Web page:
Abstract

Background: A cesarean scar pregnancy is an iatrogenic consequence of a previous cesarean delivery. The gestational sac implants into a niche created by the incision of the previous cesarean delivery, and this carries a substantial risk for major maternal complications. The aim of this study was to report, analyze, and compare the effectiveness and safety of different treatments options for cesarean scar pregnancies managed in the first trimester through a registry. Objective: This study aimed to evaluated the ultrasound findings, disease behavior, and management of first-trimester cesarean scar pregnancies. Study Design: We created an international registry of cesarean scar pregnancy cases to study the ultrasound findings, disease behavior, and management of cesarean scar pregnancies. The Cesarean Scar Pregnancy Registry collects anonymized ultrasound and clinical data of individual patients with a cesarean scar pregnancy on a secure, digital information platform. Cases were uploaded by 31 participating centers across 19 countries. In this study, we only included live and failing cesarean scar pregnancies (with or without a positive fetal heart beat) that received active treatment (medical or surgical) before 12+6 weeks’ gestation to evaluate the effectiveness and safety of the different management options. Patients managed expectantly were not included in this study and will be reported separately. Treatment was classified as successful if it led to a complete resolution of the pregnancy without the need for any additional medical interventions. Results: Between August 29, 2018, and February 28, 2023, we recorded 460 patients with cesarean scar pregnancies (281 live, 179 failing cesarean scar pregnancy) who fulfilled the inclusion criteria and were registered. A total of 270 of 460 (58.7%) patients were managed surgically, 123 of 460 (26.7%) patients underwent medical management, 46 of 460 (10%) patients underwent balloon management, and 21 of 460 (4.6%) patients received other, less frequently used treatment options. Suction evacuation was very effective with a success rate of 202 of 221 (91.5%; 95% confidence interval, 87.8–95.2), whereas systemic methotrexate was least effective with only 38 of 64 (59.4%; 95% confidence interval, 48.4–70.4) patients not requiring additional treatment. Overall, surgical treatment of cesarean scar pregnancies was successful in 236 of 258 (91.5%, 95% confidence interval, 88.4–94.5) patients and complications were observed in 24 of 258 patients (9.3%; 95% confidence interval, 6.6–11.9). Conclusion: A cesarean scar pregnancy can be managed effectively in the first trimester of pregnancy in more than 90% of cases with either suction evacuation, balloon treatment, or surgical excision. The effectiveness of all treatment options decreases with advancing gestational age, and cesarean scar pregnancies should be treated as early as possible after confirmation of the diagnosis. Local medical treatment with potassium chloride or methotrexate is less efficient and has higher rates of complications than the other treatment options. Systemic methotrexate has a substantial risk of failing and a higher complication rate and should not be recommended as first-line treatment.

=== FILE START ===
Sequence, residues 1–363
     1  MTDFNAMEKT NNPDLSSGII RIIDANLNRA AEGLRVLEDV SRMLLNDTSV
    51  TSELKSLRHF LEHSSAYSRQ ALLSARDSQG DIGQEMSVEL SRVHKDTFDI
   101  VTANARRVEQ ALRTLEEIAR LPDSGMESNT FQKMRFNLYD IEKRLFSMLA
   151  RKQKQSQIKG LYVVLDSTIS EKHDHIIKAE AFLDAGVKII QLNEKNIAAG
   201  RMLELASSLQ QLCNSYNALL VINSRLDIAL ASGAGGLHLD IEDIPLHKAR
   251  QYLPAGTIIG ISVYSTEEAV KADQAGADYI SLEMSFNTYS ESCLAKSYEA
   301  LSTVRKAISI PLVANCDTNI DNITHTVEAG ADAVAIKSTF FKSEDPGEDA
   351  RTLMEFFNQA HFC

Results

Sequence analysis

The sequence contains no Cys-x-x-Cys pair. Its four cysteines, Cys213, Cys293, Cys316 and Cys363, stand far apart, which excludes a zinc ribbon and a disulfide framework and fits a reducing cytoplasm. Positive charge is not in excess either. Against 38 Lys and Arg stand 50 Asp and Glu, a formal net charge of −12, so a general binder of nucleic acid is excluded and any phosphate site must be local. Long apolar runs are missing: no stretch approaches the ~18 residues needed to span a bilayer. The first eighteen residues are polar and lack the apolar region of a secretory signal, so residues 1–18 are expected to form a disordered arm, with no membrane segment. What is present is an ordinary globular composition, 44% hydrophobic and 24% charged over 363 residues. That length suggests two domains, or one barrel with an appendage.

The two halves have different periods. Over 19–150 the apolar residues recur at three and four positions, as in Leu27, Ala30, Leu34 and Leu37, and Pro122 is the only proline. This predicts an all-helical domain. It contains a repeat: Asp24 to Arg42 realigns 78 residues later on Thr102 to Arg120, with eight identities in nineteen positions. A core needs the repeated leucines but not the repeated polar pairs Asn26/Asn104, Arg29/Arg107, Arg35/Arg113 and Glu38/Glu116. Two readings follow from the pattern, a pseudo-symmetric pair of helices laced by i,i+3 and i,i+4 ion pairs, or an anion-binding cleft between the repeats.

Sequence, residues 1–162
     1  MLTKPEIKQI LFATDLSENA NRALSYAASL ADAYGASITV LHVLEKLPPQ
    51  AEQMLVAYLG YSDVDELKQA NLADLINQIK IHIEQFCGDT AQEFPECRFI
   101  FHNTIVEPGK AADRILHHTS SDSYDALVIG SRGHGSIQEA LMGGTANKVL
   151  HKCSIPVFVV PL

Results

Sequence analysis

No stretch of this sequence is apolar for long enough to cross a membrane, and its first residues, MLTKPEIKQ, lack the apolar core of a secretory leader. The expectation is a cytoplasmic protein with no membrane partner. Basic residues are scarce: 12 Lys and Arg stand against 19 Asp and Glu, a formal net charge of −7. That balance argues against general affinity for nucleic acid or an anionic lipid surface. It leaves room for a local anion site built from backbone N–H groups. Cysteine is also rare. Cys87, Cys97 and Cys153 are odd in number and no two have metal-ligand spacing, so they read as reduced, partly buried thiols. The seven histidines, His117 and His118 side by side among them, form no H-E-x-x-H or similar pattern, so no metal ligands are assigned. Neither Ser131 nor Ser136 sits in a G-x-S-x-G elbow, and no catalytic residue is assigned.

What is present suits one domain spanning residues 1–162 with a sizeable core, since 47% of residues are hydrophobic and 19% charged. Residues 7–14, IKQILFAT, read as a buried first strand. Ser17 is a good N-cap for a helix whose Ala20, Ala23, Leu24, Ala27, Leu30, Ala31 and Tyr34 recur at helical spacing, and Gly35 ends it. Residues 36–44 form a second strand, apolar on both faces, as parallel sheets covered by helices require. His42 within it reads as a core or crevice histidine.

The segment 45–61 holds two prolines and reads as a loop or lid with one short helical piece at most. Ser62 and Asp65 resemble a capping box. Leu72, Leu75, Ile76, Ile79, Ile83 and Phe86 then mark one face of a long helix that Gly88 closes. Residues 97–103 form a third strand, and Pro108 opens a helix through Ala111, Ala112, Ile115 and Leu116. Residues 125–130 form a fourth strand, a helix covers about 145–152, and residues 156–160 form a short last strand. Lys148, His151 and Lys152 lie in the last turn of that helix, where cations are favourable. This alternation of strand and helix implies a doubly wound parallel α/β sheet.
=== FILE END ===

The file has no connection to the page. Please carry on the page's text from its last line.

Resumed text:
Original languageEnglish
JournalAmerican Journal of Obstetrics and Gynecology
DOIs
StateAccepted/In press - 2023
Externally publishedYes

Funding

FundersFunder number
Voluntary Academic Society Basel
Freiwillige Akademische Gesellschaft
Gottfried und Julia Bangerter-Rhyner-Stiftung

    Keywords

    • KCl
    • balloon treatment
    • complications
    • hemorrhage
    • hysterectomy
    • management
    • methotrexate
    • suction evacuation
    • surgical excision

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